The interesting thing is that citric acid is produced in our bodies in huge amounts (something like 1.5- 2 kilograms daily, in fact) but is also quickly metabolized.
In the year 1953 Sir Hans Krebs received the Nobel Prize for medicine for discovering the important role of the Citric acid in a series of chemical reactions used by all aerobic organisms to generate energy. You can read more in Wikipedia, about the citric acid cycle, also known as The Krebs Cycle.
At one point in our recent history some smart guy read about The Krebs Cycle. The world “krebs” translates to English word “cancer” … and that’s what created the misunderstanding that citric acid causes cancer. But in fact, it does not.
There’s no special relationship between citric acid and ascorbic acid, just two different chemicals.
It seems the citric acid we eat isn’t used by the body at all. There’s no need to eat it. But citric acid is widely used in the food industry as a flavor enhances and preservative, because of its low price and its ease of production.
The use of the citric acid is approved in the EU, E Number: E330
The United States Food and Drug Administration considers also citric acid to be safe when used as a food additive.
The acid was first artificially produced from citrus fruits but this technique was inefficient and only produced small quantities. Today citric acid is manufactured through the use of Aspergillus Niger, a mold that feeds on cheap corn syrup glucose
Increased acidity prevents bacterial and fungal growth, therefore prolonging the life of the food or drink. It also helps preserve flavor and maintains pH at a suitable level to prevent food degradation, especially canned food.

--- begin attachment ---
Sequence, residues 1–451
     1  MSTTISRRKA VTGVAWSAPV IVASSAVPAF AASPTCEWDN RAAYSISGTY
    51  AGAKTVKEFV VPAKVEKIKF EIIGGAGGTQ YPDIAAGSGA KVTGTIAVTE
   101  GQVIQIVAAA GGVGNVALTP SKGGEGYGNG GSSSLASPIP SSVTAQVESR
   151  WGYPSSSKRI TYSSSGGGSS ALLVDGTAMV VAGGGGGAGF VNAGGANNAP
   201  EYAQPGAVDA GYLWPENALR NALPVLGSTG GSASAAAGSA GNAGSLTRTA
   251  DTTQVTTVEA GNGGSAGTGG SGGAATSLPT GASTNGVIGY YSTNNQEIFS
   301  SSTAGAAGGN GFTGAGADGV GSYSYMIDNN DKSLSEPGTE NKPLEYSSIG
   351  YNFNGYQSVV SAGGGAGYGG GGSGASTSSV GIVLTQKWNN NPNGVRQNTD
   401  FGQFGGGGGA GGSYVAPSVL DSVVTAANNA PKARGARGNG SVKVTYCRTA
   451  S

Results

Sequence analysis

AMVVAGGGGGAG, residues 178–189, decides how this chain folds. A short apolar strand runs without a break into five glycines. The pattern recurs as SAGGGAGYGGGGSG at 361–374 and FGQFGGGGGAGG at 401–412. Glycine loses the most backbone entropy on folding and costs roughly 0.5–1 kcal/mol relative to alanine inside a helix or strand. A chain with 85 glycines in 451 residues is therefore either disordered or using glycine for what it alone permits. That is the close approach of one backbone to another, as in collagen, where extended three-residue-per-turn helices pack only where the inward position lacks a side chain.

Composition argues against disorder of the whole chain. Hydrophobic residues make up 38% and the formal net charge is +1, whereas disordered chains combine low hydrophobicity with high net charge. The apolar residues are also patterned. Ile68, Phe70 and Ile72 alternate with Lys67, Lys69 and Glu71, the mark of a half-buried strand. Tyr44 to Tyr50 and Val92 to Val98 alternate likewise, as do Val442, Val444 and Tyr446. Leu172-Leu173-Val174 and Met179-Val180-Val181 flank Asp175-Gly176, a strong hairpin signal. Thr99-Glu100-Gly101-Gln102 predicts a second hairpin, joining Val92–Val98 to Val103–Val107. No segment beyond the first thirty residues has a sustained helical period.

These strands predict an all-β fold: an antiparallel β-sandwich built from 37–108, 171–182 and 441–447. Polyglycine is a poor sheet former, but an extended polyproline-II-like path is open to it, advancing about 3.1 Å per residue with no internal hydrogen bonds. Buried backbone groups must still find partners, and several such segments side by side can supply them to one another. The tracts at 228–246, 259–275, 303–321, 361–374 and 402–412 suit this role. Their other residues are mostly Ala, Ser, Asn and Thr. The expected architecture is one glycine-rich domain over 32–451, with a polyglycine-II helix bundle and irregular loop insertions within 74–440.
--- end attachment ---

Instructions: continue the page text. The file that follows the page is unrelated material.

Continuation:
Certain companies use it to give their food products, such as sweets and soft drinks, an “authentic” fruity flavor.
Why do they add citric acid when canning tomatoes?
Tomatoes were once considered an acid food that could be safely canned without any additive. However, because of the potential for botulism when some newer, less acidic tomato varieties are canned, certain precautions must now be taken.
The citric acid is also commonly found in various cosmetic products. It is added to adjust the pH level of creams, lotions and gels to coincide with our natural skin pH level.
In detergents, shampoos and soap, the citric acid is added so that foam is more easily produced. It also increases the efficiency of these products as it helps dissolve stains more quickly.
The citric acid is favored over other additives because it is environmentally friendly, biodegradable and is relatively harmless.
While citric acid is generally safe, side effects do occur if an excess of the acid is used or consumed. The entire digestive system can be irritated, causing heartburn and damage to the mucous membrane of the stomach.
Symptoms of citric acid in excess can include stomach cramps, diarrhea, nausea and vomiting.
Also the eyes, the respiratory organs and the skin can suffer with scratchy sensations from over-consumption of citric acid.
People with sensitive skin should avoid using creams containing citric acid as it may cause irritation or a rash to form.
Some doctors say that citric acid can damage teeth. The effects of citric acid on teeth have been known since at least the 1970’s when the Journal of the American Dental Association presented a report indicating that the habitual use and abuse of foods containing the acid was linked to serious erosion of tooth enamel. Other scientific research have confirmed this research. It seems it’s especially harmful to babies and children.
Many baby foods commercially available have small amounts of citric acid added to them as a preservative. A solution to cutting down on the amount of citric acid your baby ingests is by making your own baby food.
Except for some people which are allergic or have an intolerance to it, researchers are telling us that in small amounts, Citric Acid is harmless.
But…. If you read the labels on vegetable cans, soft drinks, jam, fruit yogurt, cookies or some processed meat product there’s a big chance you’ll find citric acid among ingredients.
Is this citric acid in “small amounts”? Is there any study on the effect of these “small amounts” of artificially citric acid on a long term, besides maybe the teeth damage?
My best advice is that, until we learn more about citric acid, you should try to limit consumption of products containing artificially produced citric acid, whenever possible, but without becoming obsessed.
How about a fresh lemonade, made with fresh lemon juice, bit of sugar, honey and a bit of ginger and mint? Don’t wait for the summer, it’s perfect now to prevent season colds. Best remedy if you already have the nasty cold.